The state budget impasse could delay reconstruction of Ceres' Whitmore Avenue interchange with Highway 99, California Department of Transportation officials warned Wednesday.
Although improvements are about 82 percent done, the partisan budget mess in Sacramento could deplete cash needed to keep that and dozens of other projects going, officials said.
If the state can't pay road workers, traffic could continue to slow in temporarily narrow freeway lanes, causing costly backups. Also, a nearby gas station and Kentucky Fried Chicken restaurant are suffering from limited access, said Glenn Gebhardt, Ceres' director of public works and engineering.
"If it's put on hold, it would be really ugly," said Gebhardt, whose office is briefed weekly by Caltrans on interchange progress.
Never miss a local story.
Workers have yet to build one of two overpasses for the project, which will boost to four the number of lanes over the freeway. Permanent traffic signals have not been installed, Gebhardt said Thursday.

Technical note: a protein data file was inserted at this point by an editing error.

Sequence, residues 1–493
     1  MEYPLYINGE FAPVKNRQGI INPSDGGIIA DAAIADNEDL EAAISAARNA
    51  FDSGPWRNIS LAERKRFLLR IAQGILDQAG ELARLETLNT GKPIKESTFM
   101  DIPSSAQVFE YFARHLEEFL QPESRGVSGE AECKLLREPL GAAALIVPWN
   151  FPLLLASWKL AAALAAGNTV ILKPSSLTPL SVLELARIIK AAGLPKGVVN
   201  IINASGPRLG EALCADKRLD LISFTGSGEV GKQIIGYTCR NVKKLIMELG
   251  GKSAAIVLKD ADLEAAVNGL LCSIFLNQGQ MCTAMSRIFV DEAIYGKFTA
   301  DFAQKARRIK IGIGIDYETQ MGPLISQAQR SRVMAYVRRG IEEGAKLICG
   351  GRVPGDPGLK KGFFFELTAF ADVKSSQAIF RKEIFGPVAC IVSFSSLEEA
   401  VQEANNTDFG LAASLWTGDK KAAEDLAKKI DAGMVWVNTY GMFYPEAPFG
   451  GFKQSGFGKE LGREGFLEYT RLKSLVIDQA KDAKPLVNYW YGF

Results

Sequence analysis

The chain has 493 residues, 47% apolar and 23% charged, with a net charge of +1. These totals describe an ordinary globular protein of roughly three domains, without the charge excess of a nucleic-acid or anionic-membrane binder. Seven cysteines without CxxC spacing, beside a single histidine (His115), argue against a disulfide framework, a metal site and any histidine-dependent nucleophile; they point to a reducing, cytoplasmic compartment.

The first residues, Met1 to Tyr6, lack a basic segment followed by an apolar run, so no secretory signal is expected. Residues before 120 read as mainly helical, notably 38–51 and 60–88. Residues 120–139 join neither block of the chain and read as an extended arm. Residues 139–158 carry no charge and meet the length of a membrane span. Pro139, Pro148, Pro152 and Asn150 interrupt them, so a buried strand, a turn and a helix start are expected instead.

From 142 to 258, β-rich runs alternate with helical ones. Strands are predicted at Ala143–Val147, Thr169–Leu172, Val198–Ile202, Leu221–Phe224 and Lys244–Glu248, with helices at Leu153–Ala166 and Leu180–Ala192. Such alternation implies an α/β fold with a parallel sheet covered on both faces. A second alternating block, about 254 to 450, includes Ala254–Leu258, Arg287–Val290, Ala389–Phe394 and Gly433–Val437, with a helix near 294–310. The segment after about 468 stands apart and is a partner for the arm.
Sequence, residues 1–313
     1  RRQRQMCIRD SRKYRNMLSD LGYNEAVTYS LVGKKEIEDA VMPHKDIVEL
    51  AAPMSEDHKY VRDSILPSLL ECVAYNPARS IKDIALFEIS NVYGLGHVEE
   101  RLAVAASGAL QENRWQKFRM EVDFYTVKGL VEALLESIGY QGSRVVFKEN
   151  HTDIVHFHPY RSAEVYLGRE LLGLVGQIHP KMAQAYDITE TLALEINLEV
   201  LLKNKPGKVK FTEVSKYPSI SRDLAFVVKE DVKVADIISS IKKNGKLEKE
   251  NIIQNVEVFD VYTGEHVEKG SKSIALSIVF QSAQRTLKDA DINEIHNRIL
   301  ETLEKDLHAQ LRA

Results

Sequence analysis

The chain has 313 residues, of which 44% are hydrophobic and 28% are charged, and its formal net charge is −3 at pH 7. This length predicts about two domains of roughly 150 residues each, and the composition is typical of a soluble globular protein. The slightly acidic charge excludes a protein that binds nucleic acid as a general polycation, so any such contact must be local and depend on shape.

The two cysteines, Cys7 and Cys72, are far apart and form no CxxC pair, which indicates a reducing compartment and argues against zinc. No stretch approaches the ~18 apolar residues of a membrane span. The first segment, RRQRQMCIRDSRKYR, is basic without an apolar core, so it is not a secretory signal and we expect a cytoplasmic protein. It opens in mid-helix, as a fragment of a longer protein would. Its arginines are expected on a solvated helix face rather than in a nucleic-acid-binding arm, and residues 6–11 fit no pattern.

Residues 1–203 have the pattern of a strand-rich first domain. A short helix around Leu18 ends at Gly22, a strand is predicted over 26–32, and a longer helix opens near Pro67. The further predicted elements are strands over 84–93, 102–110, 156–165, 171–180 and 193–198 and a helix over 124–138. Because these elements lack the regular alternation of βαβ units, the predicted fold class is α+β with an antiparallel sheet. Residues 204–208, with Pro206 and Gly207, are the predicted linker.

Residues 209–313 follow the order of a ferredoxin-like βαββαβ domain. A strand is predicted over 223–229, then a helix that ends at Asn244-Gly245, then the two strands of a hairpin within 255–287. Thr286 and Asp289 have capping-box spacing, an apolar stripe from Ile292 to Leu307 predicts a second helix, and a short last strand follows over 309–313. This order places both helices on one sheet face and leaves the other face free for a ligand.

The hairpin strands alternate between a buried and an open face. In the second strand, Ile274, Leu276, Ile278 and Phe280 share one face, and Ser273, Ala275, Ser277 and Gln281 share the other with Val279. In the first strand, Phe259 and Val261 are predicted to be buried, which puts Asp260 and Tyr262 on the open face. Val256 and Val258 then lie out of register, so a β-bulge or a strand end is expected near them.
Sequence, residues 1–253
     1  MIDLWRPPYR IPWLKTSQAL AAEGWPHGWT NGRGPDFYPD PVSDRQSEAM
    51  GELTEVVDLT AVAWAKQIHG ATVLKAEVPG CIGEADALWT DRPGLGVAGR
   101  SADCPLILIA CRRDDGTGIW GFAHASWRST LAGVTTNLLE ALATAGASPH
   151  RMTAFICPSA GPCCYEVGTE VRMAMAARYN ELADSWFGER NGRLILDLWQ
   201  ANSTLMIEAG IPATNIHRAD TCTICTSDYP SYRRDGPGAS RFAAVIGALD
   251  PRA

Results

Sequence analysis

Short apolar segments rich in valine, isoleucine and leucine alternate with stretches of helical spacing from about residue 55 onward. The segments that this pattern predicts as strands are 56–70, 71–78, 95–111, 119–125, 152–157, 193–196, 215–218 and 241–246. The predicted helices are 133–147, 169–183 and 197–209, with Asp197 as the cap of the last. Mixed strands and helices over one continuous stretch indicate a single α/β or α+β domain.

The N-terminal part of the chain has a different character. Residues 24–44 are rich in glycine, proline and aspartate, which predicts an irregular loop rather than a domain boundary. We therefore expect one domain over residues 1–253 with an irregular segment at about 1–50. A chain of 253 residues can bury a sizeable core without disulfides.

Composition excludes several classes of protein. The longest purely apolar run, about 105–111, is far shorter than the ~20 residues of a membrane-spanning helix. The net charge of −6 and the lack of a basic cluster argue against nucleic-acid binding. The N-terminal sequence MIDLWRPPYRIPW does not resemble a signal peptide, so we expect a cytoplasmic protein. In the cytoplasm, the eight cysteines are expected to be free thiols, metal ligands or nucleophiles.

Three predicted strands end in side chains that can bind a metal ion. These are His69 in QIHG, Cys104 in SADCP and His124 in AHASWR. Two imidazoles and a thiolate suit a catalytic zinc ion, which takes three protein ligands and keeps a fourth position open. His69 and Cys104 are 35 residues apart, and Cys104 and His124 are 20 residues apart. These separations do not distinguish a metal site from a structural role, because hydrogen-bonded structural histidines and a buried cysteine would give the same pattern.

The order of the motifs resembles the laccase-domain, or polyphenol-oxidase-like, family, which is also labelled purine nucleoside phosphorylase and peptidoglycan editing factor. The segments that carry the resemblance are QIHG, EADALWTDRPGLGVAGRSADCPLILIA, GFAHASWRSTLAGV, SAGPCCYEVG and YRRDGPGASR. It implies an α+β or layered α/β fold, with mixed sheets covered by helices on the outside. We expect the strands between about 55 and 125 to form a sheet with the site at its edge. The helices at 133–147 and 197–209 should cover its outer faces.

Also vulnerable are a Highway 99 bridge replacement in Merced that recently got under way, as well as a Route 4 renovation and the replacement of broken slabs on Interstate 5, both in San Joaquin County.
Legislators are charged by the California Constitution with approving a state budget by July 1, but they are 43 days late, with no resolution in sight.
Transportation leaders, meeting Wednesday and today, won't approve $977 million for new projects with $2.4 billion in projects already on hold, the release says. The department's ongoing projects, valued at $9.5 billion, also are at risk, the release says.
"We could probably end these budget problems if we quit paying the legislators' salaries till they get a budget passed," said Stanislaus County Supervisor Jim DeMartini, who represents the Ceres area. "But they make the rules, so they'll probably never go for that."
Bee staff writer Garth Stapley can be reached at firstname.lastname@example.org or 578-2390.